A blind drop was when a letter would be sent to one location and picked up by another person and delivered to a different person.  Sometimes these letters would be sent odd ways.  For instance, the letter might be in long thin strips inside a quill.  They might be rolled up into a metal bullet.  Sometimes they would be swallowed so no one would find the evidence of the letters.

Spies could be men or women. They could be best friends, husbands, wives, or even the person living next door.  The best spies were the ones no one knew about.  For instance, the Culper Ring was not discovered until this century when someone found a trunk in an attic filled with special codes and materials used for send on the messages.  For nearly one hundred and fifty years no one even knew of their existence.  Now that’s a good spy ring.

I read about a novelist during the 18th century whose novels included stories of a young lady who would become invisible when she secured a belt around her waist.  She could then spy in social and political circles since no one could see her.  Quite a clever spy and trick for the 18th century.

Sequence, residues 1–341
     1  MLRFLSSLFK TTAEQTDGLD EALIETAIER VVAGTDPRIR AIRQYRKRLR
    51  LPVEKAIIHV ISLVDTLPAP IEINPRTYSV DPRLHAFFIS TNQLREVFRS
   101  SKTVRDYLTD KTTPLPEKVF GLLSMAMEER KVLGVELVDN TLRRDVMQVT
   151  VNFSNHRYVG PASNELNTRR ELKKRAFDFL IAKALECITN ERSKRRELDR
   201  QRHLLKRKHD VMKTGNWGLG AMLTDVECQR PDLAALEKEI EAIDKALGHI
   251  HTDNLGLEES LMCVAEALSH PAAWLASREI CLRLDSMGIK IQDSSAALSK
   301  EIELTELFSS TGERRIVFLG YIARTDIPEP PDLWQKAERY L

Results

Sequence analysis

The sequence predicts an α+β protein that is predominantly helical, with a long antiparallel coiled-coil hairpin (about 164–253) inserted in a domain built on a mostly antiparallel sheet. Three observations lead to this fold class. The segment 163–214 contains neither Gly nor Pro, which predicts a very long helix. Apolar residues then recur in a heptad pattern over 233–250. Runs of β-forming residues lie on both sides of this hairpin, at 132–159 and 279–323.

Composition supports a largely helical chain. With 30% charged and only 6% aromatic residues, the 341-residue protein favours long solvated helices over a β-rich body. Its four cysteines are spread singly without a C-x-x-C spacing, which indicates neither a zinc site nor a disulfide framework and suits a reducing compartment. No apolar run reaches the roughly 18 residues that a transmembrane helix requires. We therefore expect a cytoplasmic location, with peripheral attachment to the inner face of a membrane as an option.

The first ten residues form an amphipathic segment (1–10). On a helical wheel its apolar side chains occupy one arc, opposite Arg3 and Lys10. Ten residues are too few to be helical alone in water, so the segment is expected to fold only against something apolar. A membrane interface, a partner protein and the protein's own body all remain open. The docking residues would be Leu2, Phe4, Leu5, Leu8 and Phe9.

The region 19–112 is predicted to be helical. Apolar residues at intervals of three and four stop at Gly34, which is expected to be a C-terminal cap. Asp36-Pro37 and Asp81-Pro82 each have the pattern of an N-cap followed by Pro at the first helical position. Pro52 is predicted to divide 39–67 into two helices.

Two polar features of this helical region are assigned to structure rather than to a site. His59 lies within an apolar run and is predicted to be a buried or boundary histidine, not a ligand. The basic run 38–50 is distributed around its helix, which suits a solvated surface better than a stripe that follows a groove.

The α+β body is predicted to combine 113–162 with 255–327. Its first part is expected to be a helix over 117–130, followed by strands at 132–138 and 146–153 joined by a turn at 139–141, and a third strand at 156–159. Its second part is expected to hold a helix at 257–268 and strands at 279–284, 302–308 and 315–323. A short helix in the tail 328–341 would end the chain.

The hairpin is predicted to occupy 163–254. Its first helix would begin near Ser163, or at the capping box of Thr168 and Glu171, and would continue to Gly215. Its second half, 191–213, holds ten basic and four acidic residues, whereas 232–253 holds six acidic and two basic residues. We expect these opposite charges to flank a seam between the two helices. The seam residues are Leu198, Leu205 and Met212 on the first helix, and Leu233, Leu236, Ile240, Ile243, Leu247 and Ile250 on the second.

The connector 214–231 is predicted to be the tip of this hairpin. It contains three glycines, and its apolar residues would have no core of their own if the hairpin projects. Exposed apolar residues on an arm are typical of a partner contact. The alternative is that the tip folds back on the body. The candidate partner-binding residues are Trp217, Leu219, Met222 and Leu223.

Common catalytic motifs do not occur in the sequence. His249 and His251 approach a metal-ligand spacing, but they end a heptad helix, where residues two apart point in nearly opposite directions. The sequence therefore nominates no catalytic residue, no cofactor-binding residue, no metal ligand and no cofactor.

Men's Clothing 1700s


If you are like me, you look at the clothes worn by people hundreds of years ago and long to call pants ‘pants” and shirts ‘shirts’, but you would be wrong.  If you are a historical writer, you must be sure to use the proper terminology.  Most importantly, you must know what each piece is called during the time period you are writing.  I have written posts about what people are wearing, but I have not really gone into detail about what the pieces are called.  I have shown you dozens of pictures of people wearing the appropriate clothing but have not labeled them.  The time has come to begin that process.

Let’s look at the man’s clothing first, shall we? Since I am currently writing Georgians, the clothing we shall be looking at are from the Georgian time period OR in our great country – the Colonial Time period. Since one picture is good, but two is better, I have included even more so you can get a variety of views.

Let us start from the bottom and work our way up, shall we?

SHOES